“I sent them an email about, ‘you know, I can’t afford this, what documents do I need to send you?’” Degrande said. “They actually answered me and … gave me the reason why my expected contribution would increase so much, and it was actually because they thought my sister had, I don’t know, either finished or dropped college because they said that she was no longer enrolled in an undergraduate program, which is not true—she just finished her second year of college.”
Degrande said he has had positive experiences working with the Office of Student Aid in the past, and he is hopeful that the review process will lead to a new package that sufficiently addresses both his family’s new circumstances and his sister’s continued enrollment. But he also said that he may have to consider permanently leaving Bowdoin if his aid package is not significantly adjusted.
On the other hand, the Orient did receive anonymous comments from students who were satisfied with their aid package and experience with the Office of Student Aid, both through its anonymous tip line and in its survey about students’ reactions to the College’s plans for the fall semester.
“I was satisfied with my financial aid. They covered everything,” one student reported in an anonymous tip.
“I get very helpful need-based aid, so I am personally more concerned with taking classes online,” a member of the class of 2023 wrote in the Orient survey.
Still, many students reported dissatisfaction with their aid package and with their interactions with the Office of Student Aid. Many also cited finances as a major factor in their own process of planning for the fall, particularly when it came to the decision about whether to take a personal leave of absence. In the survey, respondents were asked to rank the factors they were considering in order of importance. With other choices including academics, health and the College’s leave of absence policy, roughly 41 percent of the class of 2024, 57 percent of the class of 2023, 62 percent of the class of 2022 and 61 percent of the class of 2021 saw finances as one of their top three most important factors in planning for the fall semester.
In the comments, multiple students identified financial aid specifically as their main concern with potentially taking time off.
“I am grateful to be on significant but partial financial aid,” wrote one member of the class of 2023. “However, my financial aid grant decreases every year. Replacing a sophomore fall with a potential fifth year fall would likely be a $10,000 tuition fee.”
While Bowdoin does use the same process to calculate need-based aid every year, multiple students still reported annual decreases in their grant money. In addition, many students and their families have taken out loans to finance their expected contribution, which further complicate the process of taking a semester off.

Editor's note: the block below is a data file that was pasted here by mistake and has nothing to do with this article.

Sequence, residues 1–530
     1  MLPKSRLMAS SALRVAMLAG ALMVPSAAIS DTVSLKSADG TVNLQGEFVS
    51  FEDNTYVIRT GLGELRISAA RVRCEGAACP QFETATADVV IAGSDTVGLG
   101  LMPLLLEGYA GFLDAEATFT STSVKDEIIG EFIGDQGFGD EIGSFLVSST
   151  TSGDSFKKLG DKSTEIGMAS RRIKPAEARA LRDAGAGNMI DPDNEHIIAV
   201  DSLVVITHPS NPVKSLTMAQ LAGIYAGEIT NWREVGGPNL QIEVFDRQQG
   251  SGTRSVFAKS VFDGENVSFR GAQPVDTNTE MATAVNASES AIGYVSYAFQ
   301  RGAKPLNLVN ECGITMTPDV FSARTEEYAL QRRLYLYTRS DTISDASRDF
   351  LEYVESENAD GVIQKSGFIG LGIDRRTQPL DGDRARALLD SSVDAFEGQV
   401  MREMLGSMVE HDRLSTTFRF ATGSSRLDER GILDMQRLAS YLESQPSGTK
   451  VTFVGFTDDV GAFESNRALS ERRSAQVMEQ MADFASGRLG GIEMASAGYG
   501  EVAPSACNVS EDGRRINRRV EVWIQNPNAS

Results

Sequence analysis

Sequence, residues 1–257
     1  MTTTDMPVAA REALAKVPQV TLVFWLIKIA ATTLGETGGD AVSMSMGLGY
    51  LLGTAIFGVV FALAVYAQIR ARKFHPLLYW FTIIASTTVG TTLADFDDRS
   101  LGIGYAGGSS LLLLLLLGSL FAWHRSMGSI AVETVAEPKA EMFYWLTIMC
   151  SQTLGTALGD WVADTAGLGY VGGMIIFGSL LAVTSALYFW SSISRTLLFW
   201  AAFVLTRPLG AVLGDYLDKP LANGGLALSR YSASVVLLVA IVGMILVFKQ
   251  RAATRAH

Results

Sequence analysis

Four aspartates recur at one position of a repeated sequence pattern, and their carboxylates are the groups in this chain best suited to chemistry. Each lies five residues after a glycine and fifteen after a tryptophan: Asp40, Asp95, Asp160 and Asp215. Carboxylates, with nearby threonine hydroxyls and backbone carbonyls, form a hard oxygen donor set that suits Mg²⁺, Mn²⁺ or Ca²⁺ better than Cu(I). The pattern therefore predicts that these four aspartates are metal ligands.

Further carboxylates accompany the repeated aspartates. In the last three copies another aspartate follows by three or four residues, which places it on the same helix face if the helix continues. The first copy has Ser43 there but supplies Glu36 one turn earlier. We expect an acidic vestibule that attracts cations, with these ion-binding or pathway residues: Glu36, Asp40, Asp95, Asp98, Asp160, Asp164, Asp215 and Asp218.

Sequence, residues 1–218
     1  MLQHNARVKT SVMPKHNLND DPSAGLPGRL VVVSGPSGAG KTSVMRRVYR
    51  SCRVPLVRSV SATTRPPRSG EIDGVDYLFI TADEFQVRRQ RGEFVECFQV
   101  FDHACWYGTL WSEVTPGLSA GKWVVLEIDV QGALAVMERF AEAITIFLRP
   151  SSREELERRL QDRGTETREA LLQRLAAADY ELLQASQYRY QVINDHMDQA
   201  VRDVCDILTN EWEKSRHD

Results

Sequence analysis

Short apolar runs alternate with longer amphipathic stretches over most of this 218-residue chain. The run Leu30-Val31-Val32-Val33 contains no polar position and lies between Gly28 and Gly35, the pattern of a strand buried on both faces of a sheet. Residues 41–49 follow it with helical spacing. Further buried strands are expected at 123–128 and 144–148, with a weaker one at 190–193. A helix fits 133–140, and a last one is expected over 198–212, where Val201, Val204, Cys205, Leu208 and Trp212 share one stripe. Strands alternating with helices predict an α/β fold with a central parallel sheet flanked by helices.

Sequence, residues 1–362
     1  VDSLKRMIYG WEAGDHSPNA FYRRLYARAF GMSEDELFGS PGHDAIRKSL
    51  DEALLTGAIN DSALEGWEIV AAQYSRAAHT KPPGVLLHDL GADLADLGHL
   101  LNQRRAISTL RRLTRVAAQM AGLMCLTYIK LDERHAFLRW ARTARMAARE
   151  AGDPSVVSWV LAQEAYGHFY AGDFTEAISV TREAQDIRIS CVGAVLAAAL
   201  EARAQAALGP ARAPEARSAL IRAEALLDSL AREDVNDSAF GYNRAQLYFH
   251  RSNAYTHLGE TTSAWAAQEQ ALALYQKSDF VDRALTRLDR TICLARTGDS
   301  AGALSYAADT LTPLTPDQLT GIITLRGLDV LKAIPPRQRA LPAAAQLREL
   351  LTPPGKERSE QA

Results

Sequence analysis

“My concern is that I’ll have to take an extra semester off than I’d like to under this new leave policy, and that I won’t be able to pay back the loans that I’ve taken out for the past two years for the amount of time they want me to take off,” wrote a member of the class of 2022 in the recent Orient survey.
Many loans allow students to wait six months after they graduate college before they have to start making payments, but this “grace period” may be contingent on them being enrolled. If, under the College’s updated leave of absence policy, a student is unable to return to Bowdoin after one semester, they may have to start making payments during their leave. They may be able to stop making payments once they re-enroll, but they would likely have to recommence immediately upon graduating Bowdoin.
Magrath, who has taken out student loans, is also concerned about the negative impact a personal leave of absence would have on her brother’s financial aid package for medical school. The combination of these factors, the College’s policies regarding the upcoming semester and her initial financial aid decision, has left her feeling torn about whether she should enroll in the fall.
Citing a desire to hear and amplify other people’s struggles and echoing the voices of many students who have advocated on behalf of friends and acquaintances, Magrath’s concerns extend beyond her own situation.
“I just feel like none of [the College’s planning for the fall] really provides a plan for people who are low-income or first-generation or international students,” she said. “It’s just so frustrating that Bowdoin, of all places, would do this, because I feel like that’s their claim to fame … being an inclusive institution that considers and meets everyone’s needs. But that’s just not the case.”
Lily Randall contributed to this report.